Suicide risk for veterans could grow as coronavirus crisis winds down
May 22, 2020
Before March, about 15 percent of all VA mental health appointments were conducted over the phone or via video conferencing. Today that figure sits at 80 percent. Telephone appointments for those patients rose from about 170,000 a month before the pandemic to 768,000 in April alone.
Veterans’ isolation and stress from the coronavirus pandemic could increase their chances of suicidal thoughts, but health experts are warning that the worst impacts to their mental health could come after the immediate crisis is over.
An orthopedic technician takes a patient's swab sample during a screening for COVID-19 symptoms outside the Keesler Medical Center at Keesler Air Force Base, Miss., on March 23, 2020. (Kemberly Groue/Air Force)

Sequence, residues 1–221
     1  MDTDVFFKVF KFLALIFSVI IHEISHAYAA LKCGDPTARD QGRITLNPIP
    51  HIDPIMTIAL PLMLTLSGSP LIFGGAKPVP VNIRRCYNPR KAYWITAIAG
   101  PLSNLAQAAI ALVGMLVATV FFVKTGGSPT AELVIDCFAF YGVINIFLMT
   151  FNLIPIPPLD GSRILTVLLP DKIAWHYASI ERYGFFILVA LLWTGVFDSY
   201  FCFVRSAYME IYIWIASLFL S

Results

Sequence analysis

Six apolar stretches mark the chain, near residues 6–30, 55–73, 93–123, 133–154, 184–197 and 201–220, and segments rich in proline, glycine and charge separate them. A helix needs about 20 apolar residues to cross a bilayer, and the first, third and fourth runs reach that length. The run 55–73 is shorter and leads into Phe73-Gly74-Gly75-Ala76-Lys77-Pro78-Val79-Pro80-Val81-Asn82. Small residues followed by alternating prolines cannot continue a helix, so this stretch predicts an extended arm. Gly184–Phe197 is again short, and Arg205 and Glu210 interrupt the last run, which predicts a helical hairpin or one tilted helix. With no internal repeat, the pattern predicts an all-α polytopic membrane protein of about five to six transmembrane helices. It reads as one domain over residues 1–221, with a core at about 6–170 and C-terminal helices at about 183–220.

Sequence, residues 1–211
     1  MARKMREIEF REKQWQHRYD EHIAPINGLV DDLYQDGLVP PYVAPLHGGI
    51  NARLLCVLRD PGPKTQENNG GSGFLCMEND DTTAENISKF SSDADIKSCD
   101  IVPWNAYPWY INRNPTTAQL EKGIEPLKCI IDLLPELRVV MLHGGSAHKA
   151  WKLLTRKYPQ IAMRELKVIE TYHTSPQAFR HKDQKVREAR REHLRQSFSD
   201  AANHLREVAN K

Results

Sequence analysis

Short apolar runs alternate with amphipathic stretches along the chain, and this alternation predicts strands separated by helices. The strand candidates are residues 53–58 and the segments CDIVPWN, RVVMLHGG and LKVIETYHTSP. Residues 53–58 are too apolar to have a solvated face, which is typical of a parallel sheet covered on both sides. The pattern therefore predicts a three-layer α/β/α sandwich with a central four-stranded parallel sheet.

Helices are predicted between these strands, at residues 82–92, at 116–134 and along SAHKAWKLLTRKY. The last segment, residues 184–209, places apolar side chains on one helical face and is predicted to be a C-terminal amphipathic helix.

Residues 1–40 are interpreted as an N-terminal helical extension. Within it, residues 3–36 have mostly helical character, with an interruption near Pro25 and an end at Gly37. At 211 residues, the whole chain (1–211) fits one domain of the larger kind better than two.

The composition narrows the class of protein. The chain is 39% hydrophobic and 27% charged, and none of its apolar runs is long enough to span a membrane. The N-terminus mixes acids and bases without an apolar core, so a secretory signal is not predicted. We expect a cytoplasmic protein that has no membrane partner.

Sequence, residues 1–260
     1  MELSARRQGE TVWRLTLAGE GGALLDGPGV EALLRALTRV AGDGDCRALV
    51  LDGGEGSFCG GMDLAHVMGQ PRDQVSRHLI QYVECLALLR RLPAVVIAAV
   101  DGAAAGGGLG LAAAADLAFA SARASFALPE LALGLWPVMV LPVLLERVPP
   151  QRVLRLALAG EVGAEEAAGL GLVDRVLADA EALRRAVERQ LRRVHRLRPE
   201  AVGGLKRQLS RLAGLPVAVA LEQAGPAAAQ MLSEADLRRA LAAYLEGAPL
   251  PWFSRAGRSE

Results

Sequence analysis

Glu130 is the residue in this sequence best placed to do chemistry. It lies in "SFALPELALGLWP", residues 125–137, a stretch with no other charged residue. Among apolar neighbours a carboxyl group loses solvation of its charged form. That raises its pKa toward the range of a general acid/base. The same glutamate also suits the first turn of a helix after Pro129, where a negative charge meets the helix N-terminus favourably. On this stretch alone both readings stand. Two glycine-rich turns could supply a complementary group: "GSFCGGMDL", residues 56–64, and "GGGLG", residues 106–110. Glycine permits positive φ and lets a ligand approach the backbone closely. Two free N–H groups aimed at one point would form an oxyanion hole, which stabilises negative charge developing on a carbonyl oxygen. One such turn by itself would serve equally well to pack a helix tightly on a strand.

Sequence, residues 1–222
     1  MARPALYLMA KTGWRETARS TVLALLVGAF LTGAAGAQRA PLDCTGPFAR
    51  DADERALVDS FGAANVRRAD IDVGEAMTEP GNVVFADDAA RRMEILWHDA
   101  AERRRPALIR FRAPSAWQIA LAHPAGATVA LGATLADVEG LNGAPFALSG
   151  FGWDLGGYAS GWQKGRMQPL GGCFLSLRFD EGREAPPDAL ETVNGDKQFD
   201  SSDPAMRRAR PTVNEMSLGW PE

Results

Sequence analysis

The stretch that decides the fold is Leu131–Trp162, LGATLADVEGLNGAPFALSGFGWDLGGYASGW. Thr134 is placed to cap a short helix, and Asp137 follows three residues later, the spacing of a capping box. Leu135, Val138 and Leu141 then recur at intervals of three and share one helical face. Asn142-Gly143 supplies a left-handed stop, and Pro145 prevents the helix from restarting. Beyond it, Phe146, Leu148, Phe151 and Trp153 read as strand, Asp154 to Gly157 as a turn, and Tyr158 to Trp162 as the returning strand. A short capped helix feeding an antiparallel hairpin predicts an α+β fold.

That’s because of long-term problems with personal finances, lingering health issues and misplaced expectations of mental health issues disappearing with a return to pre-crisis life.
“During the actual crisis, suicides can go down. It’s in the aftermath that it gets worse,” said Barbara Stanley, a research scientist at the New York State Psychiatric Institute, during a press call sponsored by National Action Alliance for Suicide Prevention on Thursday. “We expect to see fallout in terms of possible increases in suicide as a tail going forward.”
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